BLACK BELT, a crescent-shaped prairie named for its unusual black soil, extending mostly along the Alabama River in Alabama but also up the Tombigbee River in northeastern Mississippi. Decomposed limestone under-lies the belt, causing it to lie lower than the surrounding country and making it more fertile.
Whites entered the Alabama Black Belt after the Creek cession of 1816, but their suspicion of the dark soil kept them from settling the region until the Jacksonian migration of the 1830s. Then whites entered the Mississippi portion as well, replacing indigenous Choctaws and Chickasaws, who had been forced west of the Mississippi. Fertile soil and access to the port at Mobile situated the Black Belt to become a major cotton plantation region. From 1830 to 1860, it was Alabama's most prosperous area, was home to the most slaves, and produced the most cotton. It was also the bulwark of the Whig Party and boasted three of Alabama's five capitals—Cahaba, Tuscaloosa, and Montgomery.
During the Civil War, the Black Belt supplied food to Confederate soldiers. Having almost no railroad connections with the West or North, it remained practically untouched by Northern armies. After the war, it again became the South's leading cotton region, a distinction it lost to Texas by 1880. By the early twentieth century, boll weevil infestations had forced many Black Belt farmers to convert to food crops. Even then, the Black Belt remained the principal cotton region east of the Mississippi.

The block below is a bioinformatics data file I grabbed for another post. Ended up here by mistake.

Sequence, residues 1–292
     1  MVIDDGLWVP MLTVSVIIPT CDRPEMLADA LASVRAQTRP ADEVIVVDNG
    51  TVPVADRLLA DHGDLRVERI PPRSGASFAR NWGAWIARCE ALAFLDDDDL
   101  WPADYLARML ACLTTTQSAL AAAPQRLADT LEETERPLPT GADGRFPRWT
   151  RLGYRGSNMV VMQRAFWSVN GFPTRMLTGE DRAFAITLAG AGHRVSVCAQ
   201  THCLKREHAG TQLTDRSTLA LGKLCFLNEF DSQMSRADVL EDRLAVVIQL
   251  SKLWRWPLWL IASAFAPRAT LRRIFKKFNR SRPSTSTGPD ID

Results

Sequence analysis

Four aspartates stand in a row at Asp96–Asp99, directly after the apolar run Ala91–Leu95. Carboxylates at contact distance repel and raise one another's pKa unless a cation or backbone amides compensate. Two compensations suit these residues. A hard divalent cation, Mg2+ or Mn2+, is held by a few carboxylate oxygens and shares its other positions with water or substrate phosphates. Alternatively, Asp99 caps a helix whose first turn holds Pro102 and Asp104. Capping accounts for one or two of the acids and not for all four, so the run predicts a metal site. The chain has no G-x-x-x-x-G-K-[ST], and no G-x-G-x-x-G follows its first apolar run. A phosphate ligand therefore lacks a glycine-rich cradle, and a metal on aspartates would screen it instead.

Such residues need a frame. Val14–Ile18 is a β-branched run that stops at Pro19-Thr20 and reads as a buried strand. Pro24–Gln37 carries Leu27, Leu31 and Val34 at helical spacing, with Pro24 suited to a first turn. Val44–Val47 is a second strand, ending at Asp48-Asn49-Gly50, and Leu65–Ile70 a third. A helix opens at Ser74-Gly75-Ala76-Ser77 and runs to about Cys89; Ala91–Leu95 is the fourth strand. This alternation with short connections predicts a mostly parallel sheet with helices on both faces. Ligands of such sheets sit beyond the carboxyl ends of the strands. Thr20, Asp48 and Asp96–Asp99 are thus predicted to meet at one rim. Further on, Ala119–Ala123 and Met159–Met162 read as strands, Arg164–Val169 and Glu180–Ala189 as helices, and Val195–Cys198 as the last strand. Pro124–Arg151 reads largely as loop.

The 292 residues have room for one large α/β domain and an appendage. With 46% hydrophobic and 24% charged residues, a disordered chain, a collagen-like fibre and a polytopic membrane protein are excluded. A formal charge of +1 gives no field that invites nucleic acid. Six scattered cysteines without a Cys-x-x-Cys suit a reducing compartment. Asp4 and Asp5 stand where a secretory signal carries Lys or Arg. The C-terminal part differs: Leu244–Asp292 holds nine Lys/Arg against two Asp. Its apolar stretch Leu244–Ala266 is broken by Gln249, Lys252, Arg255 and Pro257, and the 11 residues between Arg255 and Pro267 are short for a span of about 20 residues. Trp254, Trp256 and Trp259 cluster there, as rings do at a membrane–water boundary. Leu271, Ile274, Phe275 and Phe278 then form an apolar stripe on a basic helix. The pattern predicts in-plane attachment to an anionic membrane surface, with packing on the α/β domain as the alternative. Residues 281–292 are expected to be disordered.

Today the term "Black Belt" sometimes refers to parts of the South that were dominated by plantation agriculture before the Civil War and thus were home to large numbers of slaves. In Chicago the "Black Belt" was a South Side neighborhood that became heavily African American during the Great Migration of the 1910s and 1920s.
Fite, Gilbert C. Cotton Fields No More: Southern Agriculture, 1865–1980. Lexington: University of Kentucky Press, 1984.
Rogers, William Warren, et al. Alabama: The History of a Deep South State. Tuscaloosa: University of Alabama Press, 1994.
R. S.Cotterill/w. p.
black belt • n. a black belt worn by an expert in judo, karate, and other martial arts. ∎ a person qualified to wear this.
Black Belt, term applied to several areas of Mississippi and Alabama, the heart of the Old South, which are characterized by black soil and excellent cotton-growing conditions. The Black Belt area was historically important as the nation's main cotton producer in the mid-1800s. Soil depletion, erosion, the boll weevil, and economic conditions combined to eliminate cotton from the region. Livestock, peanuts, and soybeans have become the area's chief crops.